In this episode of the Big Fat Farm Show, host Sarah Syverson talks with Grant Curry of the Permaculture Provision Project about permaculture, how it can work in the arid southwest, and how to apply the principles of permaculture to growing food.
While poverty is a challenge in many parts of society, the reality is that nearly 85 percent of America's persistent poverty occurs in rural areas. In this episode of the Big Fat Farm Show, host Sarah Syverson talks with with Sharon Nance, Regional Coordinator for USDA StrikeForce, about how they help grow economies, increase investments, and create opportunities in poverty-stricken rural communities.
The orchards of Montezuma County represent an opportunity for preservation that is deeply connected to the region’s history. KSJD's Tom Yoder talks with Jude Schuenemeyer and Nina Williams from the Montezuma Orchard Restoration Project about how they are preserving the original fruit trees brought here over 100 years ago, and why these trees may represent a new economic opportunity for southwest Colorado.
In this episode of the Big Fat Farm Show, host Sarah Syverson talks with Jude Schuenemeyer from the Montezuma Orchard Restoration Project about their work preserving heirloom fruit trees, the history of Montezuma County's orchards, and why it is important to save these tree species.
In this episode of the Big Fat Farm Show, host Sarah Syverson talks with Kathryn Fulton of Kestrel Farm near Mancos, Colorado about why she started farming, the joys and challenges of the first year of production, and how sheep and chickens figure into the mix.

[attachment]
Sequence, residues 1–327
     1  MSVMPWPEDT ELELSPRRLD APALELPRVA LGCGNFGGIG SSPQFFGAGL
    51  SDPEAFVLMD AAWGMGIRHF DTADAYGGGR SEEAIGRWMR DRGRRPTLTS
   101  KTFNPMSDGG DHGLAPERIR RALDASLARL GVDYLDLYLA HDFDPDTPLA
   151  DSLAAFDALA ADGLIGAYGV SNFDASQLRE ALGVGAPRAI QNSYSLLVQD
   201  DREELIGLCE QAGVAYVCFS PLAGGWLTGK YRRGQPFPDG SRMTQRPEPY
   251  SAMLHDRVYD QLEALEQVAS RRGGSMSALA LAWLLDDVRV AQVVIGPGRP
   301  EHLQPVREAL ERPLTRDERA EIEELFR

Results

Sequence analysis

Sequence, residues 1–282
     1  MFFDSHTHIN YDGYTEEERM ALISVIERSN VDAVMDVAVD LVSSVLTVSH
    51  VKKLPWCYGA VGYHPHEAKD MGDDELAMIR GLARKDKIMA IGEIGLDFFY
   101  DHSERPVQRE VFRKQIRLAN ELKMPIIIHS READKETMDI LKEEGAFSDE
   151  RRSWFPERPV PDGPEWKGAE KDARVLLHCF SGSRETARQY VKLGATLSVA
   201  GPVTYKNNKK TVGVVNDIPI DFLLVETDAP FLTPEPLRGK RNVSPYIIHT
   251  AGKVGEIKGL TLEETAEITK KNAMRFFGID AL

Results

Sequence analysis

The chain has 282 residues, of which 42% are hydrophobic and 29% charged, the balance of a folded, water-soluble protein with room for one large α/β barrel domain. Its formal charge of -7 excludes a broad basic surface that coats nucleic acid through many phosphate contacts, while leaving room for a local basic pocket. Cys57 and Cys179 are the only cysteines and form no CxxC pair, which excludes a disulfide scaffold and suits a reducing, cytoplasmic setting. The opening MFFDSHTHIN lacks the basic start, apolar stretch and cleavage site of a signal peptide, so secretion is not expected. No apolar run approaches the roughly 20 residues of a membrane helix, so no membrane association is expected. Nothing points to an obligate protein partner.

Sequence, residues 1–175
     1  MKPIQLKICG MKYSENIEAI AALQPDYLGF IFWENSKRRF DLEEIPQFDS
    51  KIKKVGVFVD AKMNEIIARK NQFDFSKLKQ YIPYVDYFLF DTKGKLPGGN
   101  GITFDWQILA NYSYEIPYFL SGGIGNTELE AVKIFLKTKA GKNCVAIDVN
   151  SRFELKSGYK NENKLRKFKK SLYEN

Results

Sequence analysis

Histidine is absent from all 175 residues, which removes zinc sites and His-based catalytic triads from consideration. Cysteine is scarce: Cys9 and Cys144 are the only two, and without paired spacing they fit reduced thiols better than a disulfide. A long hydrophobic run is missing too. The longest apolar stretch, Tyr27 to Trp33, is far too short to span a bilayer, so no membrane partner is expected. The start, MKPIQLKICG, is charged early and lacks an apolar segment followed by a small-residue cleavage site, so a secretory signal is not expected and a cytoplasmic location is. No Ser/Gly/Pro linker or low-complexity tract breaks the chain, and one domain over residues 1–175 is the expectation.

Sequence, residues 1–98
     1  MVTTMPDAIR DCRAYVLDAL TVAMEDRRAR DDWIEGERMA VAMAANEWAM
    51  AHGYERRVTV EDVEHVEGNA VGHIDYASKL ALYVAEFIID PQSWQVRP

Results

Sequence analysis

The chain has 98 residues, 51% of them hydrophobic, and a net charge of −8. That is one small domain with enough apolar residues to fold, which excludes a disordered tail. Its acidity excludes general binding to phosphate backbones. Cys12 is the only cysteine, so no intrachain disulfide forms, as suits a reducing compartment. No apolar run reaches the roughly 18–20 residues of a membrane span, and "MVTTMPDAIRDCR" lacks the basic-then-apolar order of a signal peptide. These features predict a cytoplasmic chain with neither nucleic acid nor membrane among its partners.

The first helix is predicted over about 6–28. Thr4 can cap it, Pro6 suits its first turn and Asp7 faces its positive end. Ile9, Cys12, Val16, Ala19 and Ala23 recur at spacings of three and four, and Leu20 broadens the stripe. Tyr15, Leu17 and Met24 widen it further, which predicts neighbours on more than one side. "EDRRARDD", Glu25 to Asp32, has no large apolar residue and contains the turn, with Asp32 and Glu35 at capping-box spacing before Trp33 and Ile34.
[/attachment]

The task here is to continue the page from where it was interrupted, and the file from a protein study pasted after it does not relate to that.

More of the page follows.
Seeds represent a promise of abundance that goes beyond food. KSJD's Tom Yoder talks with Belle Starr and Bill McDorman of The Rocky Mountain Seed Alliance about how seeds are tied to our independence, our culture, and our sense of place as part of a discussion about their "Seed School In A Day" class.
In this episode of the Big Fat Farm Show, host Sarah Syverson talks with Angie Sauk about Three Dog Night Farm, where they grow hay, high tunnel crops, and have planted a new orchard. She also discusses late season crops, how gated pipe irrigation works, and the challenges of farming while also holding down a full-time teaching job.
In this episode of the Big Fat Farm Show, host Sarah Syverson talks with local chiropractor Bill Breitenbach about the history of milk production in the United States, and why modern milk production may not be the best for our health.
In this episode of the Big Fat Farm Show, host Sarah Syverson talks with Gretchen Groenke, a community health organizer in Montezuma County, about a new evening farmer's market that will be offered once a month in Cortez, and a new film called "Open Sesame" about why saving native seeds is vital to human food systems.
Food has become cheaper and more abundant in the last 150 years, largely thanks to technological advances. Irrigation, fertilizer, pesticides, and tractors have revolutionized farming and made a big promise to farmers: life will be better, easier, and your yields will be greater. In this story from producer Erik Olesund, however, is a farming family who has experienced first hand the negative impact of these technologies and how they impact our ability to grow food.
This story aired on KSJD's Zine on Monday, July 7th, 2014